G. To naively says that 'the more we demonise America, the more difficult a solution becomes'. He seems ignorant of the fact that America is the cause of the world's problems, not the solution.
JACK MUIR, Lamma
Hope springs eternal. But financial products with less risk and double return do not exist in a free market with reasonable liquidity. Of course, liquidity, or the lack of it, is in itself a risk. Snake-oil salesman can never tell us what the definition of risk is ('Paint it pink, wrap it in ribbons and don't mention adjectival fee', August 18).
I am willing to accept that Peter Lynch is - was is a better word - a very good investor. But his best-selling book parades a litany of only the most egregiously overvalued and conspicuously undervalued stocks for a special investment style - small and medium-sized growth stocks. When the market trend falls that way for a couple of business cycles, it is easy to be 'successful'. Besides, he had the entire Fidelity research department supplying him with information that most investors did not have.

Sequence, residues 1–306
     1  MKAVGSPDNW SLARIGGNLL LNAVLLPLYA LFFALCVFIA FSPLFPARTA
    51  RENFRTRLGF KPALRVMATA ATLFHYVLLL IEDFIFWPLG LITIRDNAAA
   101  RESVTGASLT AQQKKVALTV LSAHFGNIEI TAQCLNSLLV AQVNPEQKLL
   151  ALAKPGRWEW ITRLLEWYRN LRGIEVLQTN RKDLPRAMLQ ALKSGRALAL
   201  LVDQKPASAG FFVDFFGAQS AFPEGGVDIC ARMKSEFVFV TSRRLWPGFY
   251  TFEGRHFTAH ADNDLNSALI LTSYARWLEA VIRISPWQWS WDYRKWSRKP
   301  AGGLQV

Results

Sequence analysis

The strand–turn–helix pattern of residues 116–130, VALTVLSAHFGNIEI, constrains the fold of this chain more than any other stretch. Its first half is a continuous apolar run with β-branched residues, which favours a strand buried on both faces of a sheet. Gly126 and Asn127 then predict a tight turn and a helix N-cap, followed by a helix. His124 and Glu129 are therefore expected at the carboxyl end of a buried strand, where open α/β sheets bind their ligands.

Managing a portfolio as a going concern with the most efficient risk-return is a different matter. Lynch used to mock trading away 'firm-specific risk' for a reduced return as 'diworsification'. That speaks volumes about the state of the art in the evaluation of investment performance in Wall Street - it is still Stone Age witchcraft.
On the same sour note, I am becoming less impressed by the corporate leaderships touted by the financial media. When I tally up the probabilities for the success of managers of 'great' American corporations, I cannot honestly say that their talents are not just artefacts of the bell-shaped curve. In other words, the public needs heroes even if they are a figment of the imagination.
WILLIAM MAK, Oradell,
New Jersey, US